World Blood Donor Day is celebrated on 14 June every year. This year’s theme is “Every blood donor is a hero.”

Did you know? Half a litre of donated blood can help save as many as three people’s lives. Join “everyday heroes” – fire fighters, police, rescue workers – and give blood.

Contact your nearest blood centre, blood bank, hospital, clinic.

Over 180 countries across the world are participating in the first-ever World Immunization Week.
The WHO-led initiative, which takes place from 21-28 April 2012, aims to raise awareness and encourage people everywhere to protect themselves and their families against vaccine-preventable diseases. It is also a time to focus on the fact that in this rapidly globalizing world, disease outbreaks can affect communities everywhere.

Over 180 countries across the world are participating in the first-ever World Immunization Week.

The WHO-led initiative, which takes place from 21-28 April 2012, aims to raise awareness and encourage people everywhere to protect themselves and their families against vaccine-preventable diseases. It is also a time to focus on the fact that in this rapidly globalizing world, disease outbreaks can affect communities everywhere.

Wednesday, 25 April, is World Malaria Day, which this year marks a decisive juncture in the history of malaria control. Whether the malaria map will keep shrinking, as it has in the past decade, or be reclaimed by the malaria parasites, depends, to a great extent, on the resources that will be invested in control efforts over the next years. 

Send a net, save a life with Nothing But Nets
Roll Back Malaria campaign

Secretary-General Ban Ki-moon video message:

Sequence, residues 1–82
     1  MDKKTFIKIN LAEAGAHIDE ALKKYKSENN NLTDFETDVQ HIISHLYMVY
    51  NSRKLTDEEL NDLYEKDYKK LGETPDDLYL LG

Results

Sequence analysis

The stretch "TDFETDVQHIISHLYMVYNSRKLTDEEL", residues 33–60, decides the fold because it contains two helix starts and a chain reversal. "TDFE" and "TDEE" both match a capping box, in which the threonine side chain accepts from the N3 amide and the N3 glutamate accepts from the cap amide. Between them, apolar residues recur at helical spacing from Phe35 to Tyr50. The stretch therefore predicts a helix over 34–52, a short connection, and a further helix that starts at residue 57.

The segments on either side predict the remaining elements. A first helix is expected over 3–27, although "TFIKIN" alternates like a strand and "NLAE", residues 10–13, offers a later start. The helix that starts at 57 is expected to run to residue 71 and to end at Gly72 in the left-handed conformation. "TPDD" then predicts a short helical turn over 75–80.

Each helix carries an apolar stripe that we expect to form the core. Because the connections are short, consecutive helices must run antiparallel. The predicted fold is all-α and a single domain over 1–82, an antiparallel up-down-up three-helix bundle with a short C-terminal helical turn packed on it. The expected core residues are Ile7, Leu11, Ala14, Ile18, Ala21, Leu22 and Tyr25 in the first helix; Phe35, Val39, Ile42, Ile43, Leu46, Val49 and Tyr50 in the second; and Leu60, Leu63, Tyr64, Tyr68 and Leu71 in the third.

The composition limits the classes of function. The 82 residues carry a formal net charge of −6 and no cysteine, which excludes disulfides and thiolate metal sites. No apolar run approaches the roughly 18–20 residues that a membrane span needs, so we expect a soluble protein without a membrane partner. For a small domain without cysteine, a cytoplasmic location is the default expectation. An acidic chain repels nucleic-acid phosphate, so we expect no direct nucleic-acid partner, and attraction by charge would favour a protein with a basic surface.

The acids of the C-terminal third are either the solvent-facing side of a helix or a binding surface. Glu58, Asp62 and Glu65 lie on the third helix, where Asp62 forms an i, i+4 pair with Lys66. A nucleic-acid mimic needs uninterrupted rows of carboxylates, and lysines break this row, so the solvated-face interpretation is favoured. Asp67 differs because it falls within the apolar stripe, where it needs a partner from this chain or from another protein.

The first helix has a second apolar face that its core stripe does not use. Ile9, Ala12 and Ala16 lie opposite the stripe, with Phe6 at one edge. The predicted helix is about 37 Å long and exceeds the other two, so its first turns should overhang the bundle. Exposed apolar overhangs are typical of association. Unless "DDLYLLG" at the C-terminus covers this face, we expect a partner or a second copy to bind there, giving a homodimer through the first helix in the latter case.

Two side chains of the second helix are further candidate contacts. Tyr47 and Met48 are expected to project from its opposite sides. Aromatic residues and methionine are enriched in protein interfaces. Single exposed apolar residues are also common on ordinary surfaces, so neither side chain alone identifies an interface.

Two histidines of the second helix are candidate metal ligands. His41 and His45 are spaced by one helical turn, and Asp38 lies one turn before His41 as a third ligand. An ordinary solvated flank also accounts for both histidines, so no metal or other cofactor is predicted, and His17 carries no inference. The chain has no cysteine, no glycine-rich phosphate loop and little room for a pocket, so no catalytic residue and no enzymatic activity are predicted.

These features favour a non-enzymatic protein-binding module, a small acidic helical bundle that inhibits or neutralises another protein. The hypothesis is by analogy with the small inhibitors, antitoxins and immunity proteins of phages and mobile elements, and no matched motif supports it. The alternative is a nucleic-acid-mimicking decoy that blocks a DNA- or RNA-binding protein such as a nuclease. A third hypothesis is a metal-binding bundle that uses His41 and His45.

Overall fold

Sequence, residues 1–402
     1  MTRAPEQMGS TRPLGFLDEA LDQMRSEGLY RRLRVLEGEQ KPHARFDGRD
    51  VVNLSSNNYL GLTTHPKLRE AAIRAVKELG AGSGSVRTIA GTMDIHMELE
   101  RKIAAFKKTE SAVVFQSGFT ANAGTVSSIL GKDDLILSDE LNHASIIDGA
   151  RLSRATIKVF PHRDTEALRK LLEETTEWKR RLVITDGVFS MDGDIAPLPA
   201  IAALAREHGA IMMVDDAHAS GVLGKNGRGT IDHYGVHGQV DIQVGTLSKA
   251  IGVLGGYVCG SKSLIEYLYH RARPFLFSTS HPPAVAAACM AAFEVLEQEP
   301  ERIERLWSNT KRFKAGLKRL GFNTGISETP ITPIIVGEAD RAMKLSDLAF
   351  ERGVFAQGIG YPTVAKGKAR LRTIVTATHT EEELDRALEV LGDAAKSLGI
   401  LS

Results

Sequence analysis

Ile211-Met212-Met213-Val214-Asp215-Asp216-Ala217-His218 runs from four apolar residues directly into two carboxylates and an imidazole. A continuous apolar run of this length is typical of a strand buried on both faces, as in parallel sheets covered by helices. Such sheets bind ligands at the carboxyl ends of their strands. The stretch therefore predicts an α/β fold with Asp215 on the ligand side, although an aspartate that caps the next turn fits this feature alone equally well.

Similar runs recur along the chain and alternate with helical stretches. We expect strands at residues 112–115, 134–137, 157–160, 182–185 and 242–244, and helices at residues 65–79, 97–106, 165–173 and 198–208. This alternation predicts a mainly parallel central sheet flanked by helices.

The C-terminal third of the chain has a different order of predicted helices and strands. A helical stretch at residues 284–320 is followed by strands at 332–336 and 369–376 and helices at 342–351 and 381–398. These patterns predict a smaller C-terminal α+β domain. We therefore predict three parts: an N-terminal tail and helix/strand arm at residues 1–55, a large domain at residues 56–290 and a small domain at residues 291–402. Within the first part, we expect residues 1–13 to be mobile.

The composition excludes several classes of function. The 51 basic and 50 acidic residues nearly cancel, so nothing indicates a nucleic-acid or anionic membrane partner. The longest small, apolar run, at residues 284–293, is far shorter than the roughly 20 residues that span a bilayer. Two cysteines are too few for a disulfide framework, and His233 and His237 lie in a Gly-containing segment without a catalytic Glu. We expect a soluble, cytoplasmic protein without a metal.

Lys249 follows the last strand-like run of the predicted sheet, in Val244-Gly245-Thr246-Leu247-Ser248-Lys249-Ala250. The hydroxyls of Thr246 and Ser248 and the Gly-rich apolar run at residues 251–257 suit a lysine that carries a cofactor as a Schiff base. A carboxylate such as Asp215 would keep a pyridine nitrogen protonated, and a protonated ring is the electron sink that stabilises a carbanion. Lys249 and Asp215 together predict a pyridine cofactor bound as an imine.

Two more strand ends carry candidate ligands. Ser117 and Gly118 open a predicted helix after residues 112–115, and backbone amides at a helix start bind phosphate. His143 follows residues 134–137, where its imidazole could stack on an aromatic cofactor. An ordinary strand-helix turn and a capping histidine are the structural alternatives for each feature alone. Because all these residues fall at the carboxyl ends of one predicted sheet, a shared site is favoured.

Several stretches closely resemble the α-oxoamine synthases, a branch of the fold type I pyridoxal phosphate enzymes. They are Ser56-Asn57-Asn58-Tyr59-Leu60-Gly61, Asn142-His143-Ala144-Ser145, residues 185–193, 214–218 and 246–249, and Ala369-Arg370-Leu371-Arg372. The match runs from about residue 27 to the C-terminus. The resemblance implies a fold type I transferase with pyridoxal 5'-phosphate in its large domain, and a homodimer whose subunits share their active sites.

Last year we mourned the fact that one child died every 45 seconds from this disease. This year, we have managed to slow the clock. It remains a monumental tragedy that one child dies every minute from malaria, but we can draw some hope from the many lives saved through international interventions.

Wednesday, 25 April, is World Malaria Day, which this year marks a decisive juncture in the history of malaria control. Whether the malaria map will keep shrinking, as it has in the past decade, or be reclaimed by the malaria parasites, depends, to a great extent, on the resources that will be invested in control efforts over the next years. 

Send a net, save a life with Nothing But Nets

Roll Back Malaria campaign

Secretary-General Ban Ki-moon video message:

Last year we mourned the fact that one child died every 45 seconds from this disease. This year, we have managed to slow the clock. It remains a monumental tragedy that one child dies every minute from malaria, but we can draw some hope from the many lives saved through international interventions.

The world has met the Millennium Development Goal (MDGs) target of halving the proportion of people without access to safe drinking water, according to a report issued today by UNICEF and the World Health Organization (WHO). Between 1990 and 2010, over two billion people gained access to improved drinking water sources, such as piped supplies and protected wells.

The successful efforts to provide greater access to drinking water are a testament to all who see the MDGs not as a dream, but as a vital tool for improving the lives of millions of the poorest people.